SAMUEL DEANE: It was very intentional. I wanted to launch my own wealth management firm, and you have to be working for three years under a CFP who’ll vouch for you. 

I knew what my end goal was, and I intentionally sought out opportunities at RIAs to devote my time to a deep learning of my craft.

Did you have any doubt that you’d make it?

There was a time when I felt like being Black or under 30 would hold me back from accomplishing my goals.

But since I’ve started my own firm, I’ve had quite the opposite experience.

Being under 30 and Black makes me more of a unicorn because there aren’t many Black advisors under 30 who run their own firms, [especially] a fee-only firm that puts clients’ best interest first.

What’s your view on the financial services industry’s efforts to be more diverse and inclusive?

It starts with the leadership. In all honesty, I don’t think the industry really wants to be diverse. I think a lot of it is lip service.

I’m no diversity and equity specialist, but I don’t see why it’s so difficult to build a diverse organization — to put [diverse people] in leadership positions and have them do what they do best.

So I’m tired of the lip service around being diverse. I’d rather see it in action.

These companies have billions of dollars, tons of resources. If they found it was that important to make the change, I have no doubt they would [have].

Why did you choose the client niche of millennials in technology?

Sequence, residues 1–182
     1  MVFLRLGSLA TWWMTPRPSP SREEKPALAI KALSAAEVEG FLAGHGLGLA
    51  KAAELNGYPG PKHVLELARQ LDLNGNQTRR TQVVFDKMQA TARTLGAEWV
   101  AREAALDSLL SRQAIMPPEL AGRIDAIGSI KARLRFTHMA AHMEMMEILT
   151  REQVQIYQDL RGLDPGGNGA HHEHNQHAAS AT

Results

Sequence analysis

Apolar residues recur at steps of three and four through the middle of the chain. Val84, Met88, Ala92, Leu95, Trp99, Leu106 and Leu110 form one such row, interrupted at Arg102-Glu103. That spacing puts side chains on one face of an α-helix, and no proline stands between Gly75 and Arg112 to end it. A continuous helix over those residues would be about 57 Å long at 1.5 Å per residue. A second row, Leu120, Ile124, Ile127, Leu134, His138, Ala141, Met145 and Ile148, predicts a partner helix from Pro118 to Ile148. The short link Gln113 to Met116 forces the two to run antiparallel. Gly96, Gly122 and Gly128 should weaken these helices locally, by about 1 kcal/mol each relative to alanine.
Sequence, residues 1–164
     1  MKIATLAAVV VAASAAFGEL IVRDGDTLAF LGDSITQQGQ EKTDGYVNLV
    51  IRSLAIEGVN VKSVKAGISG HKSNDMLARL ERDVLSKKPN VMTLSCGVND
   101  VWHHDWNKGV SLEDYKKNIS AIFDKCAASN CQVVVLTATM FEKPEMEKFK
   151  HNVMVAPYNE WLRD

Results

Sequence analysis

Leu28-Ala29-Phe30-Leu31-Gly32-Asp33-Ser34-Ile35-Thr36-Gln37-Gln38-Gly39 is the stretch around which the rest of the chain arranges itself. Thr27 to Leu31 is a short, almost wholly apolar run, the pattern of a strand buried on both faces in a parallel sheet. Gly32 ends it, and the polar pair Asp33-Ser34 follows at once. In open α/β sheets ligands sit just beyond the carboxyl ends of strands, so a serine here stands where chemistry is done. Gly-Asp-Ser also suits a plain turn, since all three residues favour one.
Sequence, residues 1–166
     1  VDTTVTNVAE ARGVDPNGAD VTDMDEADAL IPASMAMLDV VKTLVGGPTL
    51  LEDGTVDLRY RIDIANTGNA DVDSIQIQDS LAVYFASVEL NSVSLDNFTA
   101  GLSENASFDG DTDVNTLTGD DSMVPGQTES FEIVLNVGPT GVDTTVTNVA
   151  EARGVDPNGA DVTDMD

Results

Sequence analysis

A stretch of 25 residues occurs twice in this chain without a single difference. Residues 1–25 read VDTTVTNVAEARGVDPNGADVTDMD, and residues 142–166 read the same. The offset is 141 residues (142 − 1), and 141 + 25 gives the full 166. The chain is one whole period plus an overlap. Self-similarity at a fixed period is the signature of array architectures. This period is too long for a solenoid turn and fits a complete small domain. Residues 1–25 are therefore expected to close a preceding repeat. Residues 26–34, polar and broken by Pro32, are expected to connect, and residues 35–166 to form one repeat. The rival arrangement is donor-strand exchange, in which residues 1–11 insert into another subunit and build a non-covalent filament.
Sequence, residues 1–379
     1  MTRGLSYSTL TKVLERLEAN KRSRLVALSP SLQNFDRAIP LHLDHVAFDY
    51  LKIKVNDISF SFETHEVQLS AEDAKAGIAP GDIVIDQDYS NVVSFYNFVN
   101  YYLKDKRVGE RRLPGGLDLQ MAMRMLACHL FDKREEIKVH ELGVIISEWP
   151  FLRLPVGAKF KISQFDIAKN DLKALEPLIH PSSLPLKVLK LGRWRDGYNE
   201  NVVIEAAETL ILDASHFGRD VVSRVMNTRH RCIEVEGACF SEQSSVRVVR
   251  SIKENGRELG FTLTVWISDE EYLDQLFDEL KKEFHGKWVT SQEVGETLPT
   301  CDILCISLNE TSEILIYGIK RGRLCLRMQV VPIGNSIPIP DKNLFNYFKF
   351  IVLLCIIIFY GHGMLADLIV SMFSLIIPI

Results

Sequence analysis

Being under 30 and a Black advisor, I knew it was important for me to have a niche. I knew there had to be something special I’d need to offer. 

From the perspectives of business value and a competitive edge, I knew I had to be a specialist and that it was important for me to work with [clients] who think like me and are relatable.

That encouraged me, number one, to work with millennials. And the technology space is interesting because of its [largely] equity compensation, where a lot of planning and intricacy are involved.

I don’t want to do general [advisory], like “max out your 401(k).” That’s great foundational stuff, but I want to be challenged by the work I’m doing.

Tell me more about why you picked millennials in the technology arena.

My wife is a software engineer, and I [learned] that at tech firms, equity compensation is a pretty significant part of overall compensation. 

I dived deeper into the tech world, and then decided to position myself as a specialist in equity compensation, focusing on folks in [the tech] space.

How big a role does crypto play in your practice?

If you’re working with millennials, it’s inevitable that at some point you’ll have to educate yourself about crypto assets in order to provide prudent financial advice.